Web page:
In an effort to inform an American public concerned about the spread of Ebola, the Centers for Disease Control and Prevention conducted an hourlong Twitter conversation Thursday to answer questions and dispense advice. Using the hashtag #CDCChat, participants tweeted a wide range of questions, but by far the greatest number concerned how Ebola has spread. 

Here are five points that CDC officials stressed multiple times during the conversation:

  • Patients with Ebola are contagious only when they show symptoms, not during the incubation period. 
  • Unlike the flu or measles, Ebola is not spread through the air. Instead, it spreads through direct contact with bodily fluids, including vomit, feces, saliva, sweat, vaginal fluid, semen and breast milk.
  • Alcohol-based hand sanitizer and chlorine can kill Ebola on exposed surfaces.
  • People who recover from an Ebola infection are immune for 10 years and possibly longer.
  • There is no evidence that mosquitos or other insects can transmit Ebola.

The Twitter conversation occurred amid growing concern about Ebola in the United States, triggered by the news that Thomas E. Duncan, who last week became the first person to be diagnosed on U.S. soil, had contact with at least 80 people in Dallas after becoming contagious. As Duncan receives treatment at Texas Health Presbyterian Hospital, medical officials have sought to examine and isolate these individuals in order to prevent the spread of the disease. During the Twitter chat, CDC officials repeatedly stressed that passengers on United Airlines Flight 951, which ferried Duncan from Europe to Washington, D.C., and Flight 822, which took him from Washington to Dallas, are not in danger of contracting the virus from him.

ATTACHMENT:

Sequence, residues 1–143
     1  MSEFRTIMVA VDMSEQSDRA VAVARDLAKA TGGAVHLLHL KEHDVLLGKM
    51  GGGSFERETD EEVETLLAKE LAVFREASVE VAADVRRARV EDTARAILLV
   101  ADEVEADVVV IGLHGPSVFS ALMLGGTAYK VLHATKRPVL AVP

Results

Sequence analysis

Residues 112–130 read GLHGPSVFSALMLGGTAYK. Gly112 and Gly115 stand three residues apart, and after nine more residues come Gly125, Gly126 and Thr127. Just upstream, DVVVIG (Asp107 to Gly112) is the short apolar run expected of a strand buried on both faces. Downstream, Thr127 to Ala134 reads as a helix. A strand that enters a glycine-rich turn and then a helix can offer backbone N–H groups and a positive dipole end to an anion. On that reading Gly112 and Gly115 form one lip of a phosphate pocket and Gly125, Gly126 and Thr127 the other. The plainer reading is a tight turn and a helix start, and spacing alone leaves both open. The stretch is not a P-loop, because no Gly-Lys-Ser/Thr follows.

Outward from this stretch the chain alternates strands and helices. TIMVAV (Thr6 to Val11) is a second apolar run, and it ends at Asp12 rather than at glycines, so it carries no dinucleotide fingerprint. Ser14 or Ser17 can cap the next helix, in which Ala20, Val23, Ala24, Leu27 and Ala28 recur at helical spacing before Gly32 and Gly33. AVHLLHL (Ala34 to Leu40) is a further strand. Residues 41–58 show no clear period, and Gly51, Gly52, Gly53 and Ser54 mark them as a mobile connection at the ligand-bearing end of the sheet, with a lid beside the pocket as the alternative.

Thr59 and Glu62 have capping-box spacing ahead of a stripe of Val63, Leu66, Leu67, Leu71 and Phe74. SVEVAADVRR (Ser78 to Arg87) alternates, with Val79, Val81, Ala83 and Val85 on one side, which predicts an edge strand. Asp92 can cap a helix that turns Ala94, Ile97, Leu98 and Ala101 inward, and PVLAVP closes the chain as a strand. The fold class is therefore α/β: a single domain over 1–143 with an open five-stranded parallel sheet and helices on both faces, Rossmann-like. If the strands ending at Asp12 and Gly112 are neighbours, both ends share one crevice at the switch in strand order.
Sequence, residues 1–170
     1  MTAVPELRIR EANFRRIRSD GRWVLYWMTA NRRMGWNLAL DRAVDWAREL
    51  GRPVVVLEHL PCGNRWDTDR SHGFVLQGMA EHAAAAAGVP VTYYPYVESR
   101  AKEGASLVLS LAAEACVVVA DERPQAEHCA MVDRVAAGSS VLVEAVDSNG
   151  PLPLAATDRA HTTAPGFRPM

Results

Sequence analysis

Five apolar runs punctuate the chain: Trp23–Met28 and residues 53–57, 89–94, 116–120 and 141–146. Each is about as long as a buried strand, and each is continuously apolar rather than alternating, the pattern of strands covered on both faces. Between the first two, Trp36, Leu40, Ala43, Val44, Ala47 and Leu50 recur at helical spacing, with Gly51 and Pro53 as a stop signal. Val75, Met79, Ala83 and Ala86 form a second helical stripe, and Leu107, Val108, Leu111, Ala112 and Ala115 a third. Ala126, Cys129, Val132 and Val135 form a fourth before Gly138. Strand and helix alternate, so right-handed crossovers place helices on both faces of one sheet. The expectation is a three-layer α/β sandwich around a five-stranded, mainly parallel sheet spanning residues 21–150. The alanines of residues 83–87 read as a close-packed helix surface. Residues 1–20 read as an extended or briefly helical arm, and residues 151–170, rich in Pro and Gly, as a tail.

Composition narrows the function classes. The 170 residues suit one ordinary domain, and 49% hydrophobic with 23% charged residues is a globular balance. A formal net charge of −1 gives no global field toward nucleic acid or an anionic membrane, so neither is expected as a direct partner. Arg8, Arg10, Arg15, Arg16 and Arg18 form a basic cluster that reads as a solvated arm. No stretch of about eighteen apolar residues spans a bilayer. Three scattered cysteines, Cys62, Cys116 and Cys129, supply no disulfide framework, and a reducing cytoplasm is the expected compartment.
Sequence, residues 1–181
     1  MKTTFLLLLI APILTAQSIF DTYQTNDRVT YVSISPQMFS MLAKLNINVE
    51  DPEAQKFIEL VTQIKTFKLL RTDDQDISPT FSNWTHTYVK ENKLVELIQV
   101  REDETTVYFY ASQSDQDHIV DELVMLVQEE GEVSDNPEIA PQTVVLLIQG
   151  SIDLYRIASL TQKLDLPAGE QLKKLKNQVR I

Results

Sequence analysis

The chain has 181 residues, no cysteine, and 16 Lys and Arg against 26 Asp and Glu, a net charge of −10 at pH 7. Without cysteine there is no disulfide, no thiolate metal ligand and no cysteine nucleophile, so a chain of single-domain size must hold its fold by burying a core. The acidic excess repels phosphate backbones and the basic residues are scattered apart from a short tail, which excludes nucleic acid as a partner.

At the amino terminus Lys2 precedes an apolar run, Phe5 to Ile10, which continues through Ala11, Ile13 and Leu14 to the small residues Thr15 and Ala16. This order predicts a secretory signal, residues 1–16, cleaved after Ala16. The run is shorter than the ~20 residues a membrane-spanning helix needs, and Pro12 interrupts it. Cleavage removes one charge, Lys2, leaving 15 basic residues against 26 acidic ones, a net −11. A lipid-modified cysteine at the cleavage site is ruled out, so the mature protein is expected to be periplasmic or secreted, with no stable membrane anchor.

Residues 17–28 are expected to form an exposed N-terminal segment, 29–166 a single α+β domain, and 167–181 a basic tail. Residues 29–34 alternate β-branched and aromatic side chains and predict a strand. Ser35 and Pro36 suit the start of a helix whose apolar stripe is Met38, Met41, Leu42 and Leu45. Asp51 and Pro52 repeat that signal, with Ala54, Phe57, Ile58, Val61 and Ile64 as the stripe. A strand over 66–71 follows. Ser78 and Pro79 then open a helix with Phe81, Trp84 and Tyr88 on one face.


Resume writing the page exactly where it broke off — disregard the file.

The current outbreak of Ebola has killed more than 3,300 people in West Africa, where a lack of medical supplies and poor infrastructure have exacerbated the crisis since its initial outbreak last December.